Billy and Stuart mentioned that while students and young tenants do care about saving energy and sustainability, realistically without data they would not be aware of the energy they are consuming. Putting data in their hands, such as showing them how they compare to the average consumption in the building, will help them make better-informed decisions. 

TrendWatching: “Exploring the Housing Needs of the Next-Generation of Students: Community, Affordability, and Sustainability.”

For the final presentation, Joaquim Moody of the research and analysis firm TrendWatching  highlighted the evolving needs of younger generations, positing that technological change creates tension with core human needs, which is solved by innovations on various fronts (such as new products, and new ways to fulfil basic needs). 

Joaquim emphasised the three main housing needs for students: affordability, sustainability, and community. Within these need categories, he showcased examples of innovations that cater to these needs, and how students experience can improve in these aspects. Here are some of the examples shown by Joaquim, providing inspiration for operators to implement similar solutions:

For the topic of affordability, he cited that UK students are spending 45% of their monthly income on rent, and this was even higher in the Netherlands. Operators and their partners can help by providing innovative solutions such as TULU, which lets customers rent necessary appliances instead of purchasing them for high costs. 

Sustainability is a major concern for both student housing operators and conscious customers as 45.9% of 10,000 university students across 32 countries say they are very/extremely worried about climate change and 28% of students have climate anxiety. One solution shown by Joaquim was by having modular solar panel kits for unit balconies, which would help students with their power consumption.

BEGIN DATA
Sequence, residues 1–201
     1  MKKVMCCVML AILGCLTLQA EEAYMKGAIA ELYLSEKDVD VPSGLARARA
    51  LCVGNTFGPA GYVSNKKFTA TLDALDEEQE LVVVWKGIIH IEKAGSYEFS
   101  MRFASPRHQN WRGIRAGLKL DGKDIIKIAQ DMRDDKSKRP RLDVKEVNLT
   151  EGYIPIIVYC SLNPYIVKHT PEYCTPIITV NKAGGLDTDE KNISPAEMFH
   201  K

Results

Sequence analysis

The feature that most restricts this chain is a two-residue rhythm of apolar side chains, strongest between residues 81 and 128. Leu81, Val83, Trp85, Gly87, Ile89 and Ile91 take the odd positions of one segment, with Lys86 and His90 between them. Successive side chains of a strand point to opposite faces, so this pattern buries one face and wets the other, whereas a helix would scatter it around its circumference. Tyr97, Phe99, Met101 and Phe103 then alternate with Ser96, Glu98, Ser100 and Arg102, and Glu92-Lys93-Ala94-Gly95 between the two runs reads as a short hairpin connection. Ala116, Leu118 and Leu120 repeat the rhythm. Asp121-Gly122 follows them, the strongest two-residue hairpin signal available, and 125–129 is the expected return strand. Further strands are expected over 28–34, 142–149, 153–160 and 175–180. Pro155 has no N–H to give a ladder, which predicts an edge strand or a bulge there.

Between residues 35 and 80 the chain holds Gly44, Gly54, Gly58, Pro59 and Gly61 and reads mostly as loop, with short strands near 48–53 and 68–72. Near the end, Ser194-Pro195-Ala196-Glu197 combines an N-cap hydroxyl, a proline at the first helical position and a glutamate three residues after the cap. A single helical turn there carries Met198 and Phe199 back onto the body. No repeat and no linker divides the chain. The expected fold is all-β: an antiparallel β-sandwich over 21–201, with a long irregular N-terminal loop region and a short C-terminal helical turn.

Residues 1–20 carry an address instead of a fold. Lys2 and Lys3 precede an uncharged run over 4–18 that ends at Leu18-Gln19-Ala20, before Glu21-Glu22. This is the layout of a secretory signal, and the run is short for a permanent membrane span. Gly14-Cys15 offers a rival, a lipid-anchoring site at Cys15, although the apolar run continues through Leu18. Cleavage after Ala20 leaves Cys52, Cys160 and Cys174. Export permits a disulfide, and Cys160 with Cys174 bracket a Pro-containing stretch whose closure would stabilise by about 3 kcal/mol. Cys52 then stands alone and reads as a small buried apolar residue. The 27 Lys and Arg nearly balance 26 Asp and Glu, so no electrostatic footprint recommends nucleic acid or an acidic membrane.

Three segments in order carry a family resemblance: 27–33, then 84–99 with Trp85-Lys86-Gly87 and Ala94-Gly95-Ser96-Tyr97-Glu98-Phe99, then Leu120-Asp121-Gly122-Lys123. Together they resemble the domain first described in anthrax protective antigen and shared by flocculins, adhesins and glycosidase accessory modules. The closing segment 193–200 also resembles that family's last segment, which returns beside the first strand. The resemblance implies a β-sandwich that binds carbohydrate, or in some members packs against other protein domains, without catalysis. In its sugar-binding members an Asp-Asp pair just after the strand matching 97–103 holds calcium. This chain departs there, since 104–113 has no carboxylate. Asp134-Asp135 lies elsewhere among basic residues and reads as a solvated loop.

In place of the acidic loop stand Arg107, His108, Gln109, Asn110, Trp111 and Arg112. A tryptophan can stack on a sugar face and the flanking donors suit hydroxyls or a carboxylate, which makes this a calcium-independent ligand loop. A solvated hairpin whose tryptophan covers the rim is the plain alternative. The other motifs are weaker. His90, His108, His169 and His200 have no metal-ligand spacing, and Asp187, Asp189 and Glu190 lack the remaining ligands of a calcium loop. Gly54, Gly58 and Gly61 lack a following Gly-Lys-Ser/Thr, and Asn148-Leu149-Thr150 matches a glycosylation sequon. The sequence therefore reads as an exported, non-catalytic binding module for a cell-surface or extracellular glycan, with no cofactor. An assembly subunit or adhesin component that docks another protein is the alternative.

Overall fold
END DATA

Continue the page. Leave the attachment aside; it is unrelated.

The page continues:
Finally, community was asserted as a major need for students because many are afflicted by a growing issue of loneliness. According to Nuffic [2022], over 70% of international students in the Netherlands indicate that they have recently felt lonely “sometimes, often, or all the time”. Having initiatives such as Re:wild your campus, which pays students to restore school grounds, and having student housing designed in a way to support indigenous and marginalised students, goes a long way in building diverse, inclusive, and proactive communities.  


A similar theme between all of these case studies is the underlying concept of always keeping a customer-centric approach. By utilising technology and innovation in different ways, operators and tech organisations can solve real needs and create tangible impacts for their tenants in buildings.

The case studies set the stage for the first Workshop by of the day on ‘Tech Stack’ which focussed on “optimising your tech stack to achieve seamless operations through tech automation and integration”. We discuss this in Article 2 for our three-part series on “Smart Student Living Takeaways” so stay tuned!